In San Diego, defaults are up, but foreclosures (NOTs, Notices of Trustee Sale) are down.
It's not just a local phenomenon. Countrywide, Countrywide is posting skyrocketing delinquencies but their REOs for sale are slowly declining.
What's going on here? Some think it's just a statistical blip before foreclosures pick up steam again. I think something bigger is at work. Lenders either can't handle the volume of foreclosures, or don't want to foreclose. I suspect a bit of each.
Lenders' back offices have never seen foreclosure volumes like this. They are overwhelmed. But they also probably do not want to foreclose. Politicians from both sides of the aisle have been proposing a massive taxpayer bailout of bad lenders. John McCain's plan is to have lenders take the a writedown only to "current market value" (likely on a rosy appraisal) and then have taxpayers eat the entire loss on any further declines (which may be huge as many forecasters are predicting double-digit additional declines). If I were a lender, I'd wait for McCain's bailout rather than foreclosing and trying to dump inventory into an already flooded market.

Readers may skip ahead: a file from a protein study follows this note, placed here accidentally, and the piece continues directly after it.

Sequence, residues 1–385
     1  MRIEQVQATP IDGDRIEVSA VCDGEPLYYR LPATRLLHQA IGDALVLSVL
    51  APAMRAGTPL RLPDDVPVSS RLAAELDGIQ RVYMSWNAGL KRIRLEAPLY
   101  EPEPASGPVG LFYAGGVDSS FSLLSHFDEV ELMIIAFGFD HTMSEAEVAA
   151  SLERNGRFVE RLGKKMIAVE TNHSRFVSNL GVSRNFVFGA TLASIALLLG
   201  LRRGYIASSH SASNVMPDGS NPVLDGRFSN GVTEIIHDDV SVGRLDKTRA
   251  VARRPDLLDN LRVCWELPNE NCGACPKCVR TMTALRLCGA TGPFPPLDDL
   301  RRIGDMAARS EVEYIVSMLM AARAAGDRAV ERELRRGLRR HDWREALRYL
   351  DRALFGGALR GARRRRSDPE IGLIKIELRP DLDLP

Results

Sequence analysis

What's a borrower to do? If your loan balance exceeds your home's value, stop paying your mortgage immediately. Remember, in the Bernanke/Pelosi/McCain world, the responsible get screwed, and the reckless get rewarded. If you stop paying your mortgage, your bank will either voluntary renegotiate the terms, or Congress will force them to do it. If you keep paying on an underwater house, you're just throwing good money after bad.